As a young Palestinian from Gaza, I had been eagerly anticipating the opportunity to study at the University of California San Diego on a Fulbright scholarship.  The chance to escape Gaza’s confines and immerse myself in an American education was deeply thrilling.  With Israel controlling Gaza’s border exits, air space and sea access — […]

  • Immigrant Rights Are Labor Rights

    Today’s critical labor struggles revolve around immigrants’ rights, while today’s struggles over immigrants’ rights are grounded in workplace and labor organizing.  Global, national, and local histories have woven these issues tightly together.  In the U.S. we are seeing the beginnings of a multifaceted movement which engages these dynamically linked histories. Twenty-five years ago, U.S. labor […]

  • Urgent Action Needed to Save Amin Maharana’s Life and to Free Anti-Displacement Activists in Orissa, India

    On August 15, Dave Pugh returned to the U.S. after spending three and a half weeks gathering information about the anti-displacement movement in India.  Pugh is a member of the Initiative Committee of the International Campaign Against Forced Displacement that was launched on June 19, 2008 at the Third International Assembly of the International League […]

  • Is Rising Global Inequality a Myth?

    The second issue of the recently-launched journal Harvard College Economics Review dealt with the topic of economic growth and inequality.  In one of the articles, Professor of Sociology at the University of North Carolina François Nielsen (also current editor of the academic journal Social Forces) contends that rising global income inequality is really a myth.1  […]

  • Resistance in Egypt

    On the seventh of December 2006, 3,000 female garment workers went on strike in the Nile Delta town of Mahalla, which is home to 27,000 workers working in a textile mill, shoulder to shoulder.  It’s the biggest textile mill in the region.  These women workers went on strike and started marching in the factory compound, […]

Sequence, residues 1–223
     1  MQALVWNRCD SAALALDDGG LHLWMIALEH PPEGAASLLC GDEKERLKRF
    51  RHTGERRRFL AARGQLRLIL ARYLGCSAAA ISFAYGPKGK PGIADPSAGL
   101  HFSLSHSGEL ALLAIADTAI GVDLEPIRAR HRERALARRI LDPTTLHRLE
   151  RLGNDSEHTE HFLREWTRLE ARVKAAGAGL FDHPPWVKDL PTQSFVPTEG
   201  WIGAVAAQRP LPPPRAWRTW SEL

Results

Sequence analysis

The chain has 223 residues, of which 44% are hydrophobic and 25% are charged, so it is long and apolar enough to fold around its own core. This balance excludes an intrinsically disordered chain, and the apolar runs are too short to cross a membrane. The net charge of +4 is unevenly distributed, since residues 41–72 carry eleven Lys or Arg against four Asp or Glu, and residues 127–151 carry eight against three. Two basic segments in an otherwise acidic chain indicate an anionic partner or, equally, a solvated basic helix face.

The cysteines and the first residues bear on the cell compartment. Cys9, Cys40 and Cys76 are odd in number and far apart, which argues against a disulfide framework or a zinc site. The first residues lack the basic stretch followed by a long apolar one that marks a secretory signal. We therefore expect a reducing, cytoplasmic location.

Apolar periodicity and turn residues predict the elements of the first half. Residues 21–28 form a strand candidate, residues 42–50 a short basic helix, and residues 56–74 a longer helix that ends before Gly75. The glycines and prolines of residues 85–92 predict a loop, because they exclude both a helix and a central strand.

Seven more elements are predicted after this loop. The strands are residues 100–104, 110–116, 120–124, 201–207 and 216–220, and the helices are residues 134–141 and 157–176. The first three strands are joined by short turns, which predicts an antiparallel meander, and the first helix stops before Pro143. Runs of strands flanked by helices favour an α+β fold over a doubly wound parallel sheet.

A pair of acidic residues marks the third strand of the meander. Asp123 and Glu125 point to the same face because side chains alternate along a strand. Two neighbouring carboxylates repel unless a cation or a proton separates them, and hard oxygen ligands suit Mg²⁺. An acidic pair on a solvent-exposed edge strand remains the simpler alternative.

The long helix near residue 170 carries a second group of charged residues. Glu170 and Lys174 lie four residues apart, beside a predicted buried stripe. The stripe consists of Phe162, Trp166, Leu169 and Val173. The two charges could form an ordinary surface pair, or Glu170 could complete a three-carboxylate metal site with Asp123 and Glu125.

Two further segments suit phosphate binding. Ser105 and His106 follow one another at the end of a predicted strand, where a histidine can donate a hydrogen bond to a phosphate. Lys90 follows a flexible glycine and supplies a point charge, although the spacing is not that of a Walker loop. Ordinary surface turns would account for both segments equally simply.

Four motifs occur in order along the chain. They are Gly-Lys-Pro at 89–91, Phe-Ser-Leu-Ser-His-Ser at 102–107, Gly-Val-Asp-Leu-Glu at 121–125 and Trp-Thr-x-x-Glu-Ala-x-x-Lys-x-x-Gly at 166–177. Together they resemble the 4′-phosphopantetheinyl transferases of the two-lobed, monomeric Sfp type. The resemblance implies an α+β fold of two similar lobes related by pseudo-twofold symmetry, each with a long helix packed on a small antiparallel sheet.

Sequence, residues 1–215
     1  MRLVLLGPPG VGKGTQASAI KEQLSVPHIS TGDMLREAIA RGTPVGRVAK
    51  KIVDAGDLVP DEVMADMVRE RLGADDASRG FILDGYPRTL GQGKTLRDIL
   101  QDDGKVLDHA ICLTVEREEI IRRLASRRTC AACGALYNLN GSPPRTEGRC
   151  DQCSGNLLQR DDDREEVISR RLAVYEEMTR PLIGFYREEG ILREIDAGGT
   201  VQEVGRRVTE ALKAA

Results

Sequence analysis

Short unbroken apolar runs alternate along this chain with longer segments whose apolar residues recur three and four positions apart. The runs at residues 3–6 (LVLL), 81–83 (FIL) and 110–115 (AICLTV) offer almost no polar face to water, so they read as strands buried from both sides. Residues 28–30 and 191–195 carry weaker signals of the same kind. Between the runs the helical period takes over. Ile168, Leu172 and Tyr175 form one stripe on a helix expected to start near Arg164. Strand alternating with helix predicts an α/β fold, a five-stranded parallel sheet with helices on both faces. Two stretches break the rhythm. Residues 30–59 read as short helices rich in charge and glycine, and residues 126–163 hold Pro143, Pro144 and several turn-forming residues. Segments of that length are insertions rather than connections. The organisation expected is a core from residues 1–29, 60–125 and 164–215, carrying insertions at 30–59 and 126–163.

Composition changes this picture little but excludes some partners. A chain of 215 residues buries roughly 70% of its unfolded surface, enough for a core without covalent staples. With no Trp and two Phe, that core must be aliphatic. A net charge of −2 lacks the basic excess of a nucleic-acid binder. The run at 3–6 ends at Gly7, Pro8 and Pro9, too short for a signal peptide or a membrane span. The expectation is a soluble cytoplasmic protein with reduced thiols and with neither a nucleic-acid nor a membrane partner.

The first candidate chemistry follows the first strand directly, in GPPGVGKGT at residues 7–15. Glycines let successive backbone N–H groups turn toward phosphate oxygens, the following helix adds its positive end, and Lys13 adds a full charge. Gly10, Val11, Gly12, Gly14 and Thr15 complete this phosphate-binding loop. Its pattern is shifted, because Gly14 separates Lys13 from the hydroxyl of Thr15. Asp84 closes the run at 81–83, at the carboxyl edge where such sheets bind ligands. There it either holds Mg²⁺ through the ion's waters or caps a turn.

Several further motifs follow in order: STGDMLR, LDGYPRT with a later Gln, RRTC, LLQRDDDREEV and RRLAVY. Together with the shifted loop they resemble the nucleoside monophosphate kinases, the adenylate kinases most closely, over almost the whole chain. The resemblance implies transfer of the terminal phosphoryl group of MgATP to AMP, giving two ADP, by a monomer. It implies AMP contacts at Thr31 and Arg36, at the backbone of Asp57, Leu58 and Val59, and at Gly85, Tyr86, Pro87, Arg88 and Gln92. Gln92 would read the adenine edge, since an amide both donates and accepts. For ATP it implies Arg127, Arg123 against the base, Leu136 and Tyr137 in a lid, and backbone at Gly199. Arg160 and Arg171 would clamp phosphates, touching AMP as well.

• Southeastern Himalayan Slopes: The Frontline of Revolutionary Political Ecology

      Analytical Monthly Review, published in Kharagpur, West Bengal, India, is a sister edition of Monthly Review.  Its August 2008 issue features the following editorial. — Ed. For those who recognise that there is an ecological crisis, a revolutionary Marxist perspective best sets out a practical view of our endangered surroundings.  This entire issue of […]

  • Geopolitical Chess: Background to a Mini-war in the Caucasus

    The world has been witness this month to a mini-war in the Caucasus, and the rhetoric has been passionate, if largely irrelevant.  Geopolitics is a gigantic series of two-player chess games, in which the players seek positional advantage.  In these games, it is crucial to know the current rules that govern the moves. Knights are […]

  • Statement by Dave Pugh on His Detention during His Fact-Finding Trip to India

    August 16, 2008 Yesterday I returned to the U.S. after spending three and a half weeks gathering information about the anti-displacement movement in India.  I traveled across five states in central and eastern India to the sites of projected industrial and mining projects and real estate developments.  I spoke with hundreds of villagers who are […]

  • Winners and Losers in the New China

      Part 1: “Winners and Losers in the New China” PAUL JAY: So my question is: that [1989-1990] was a very politically charged time.  The authorities felt  besieged.  Now people say things have relaxed, things have changed, to some extent.  How much have they changed?  In today’s China, could you still be arrested for making […]

  • Uruguayan Writer Eduardo Galeano Apologizes for the War That Devastated Paraguay

    Asunción, 15 August (EFE) — Uruguayan writer Eduardo Galeano today publicly apologized to Paraguayans for the war that his country, allied with Argentina and Brazil, fought against Paraguay between 1865 and 1870. “Let me take this opportunity to apologize as an Uruguayan, because that [imperialist] punishment [for the crime of protecting the workers and products […]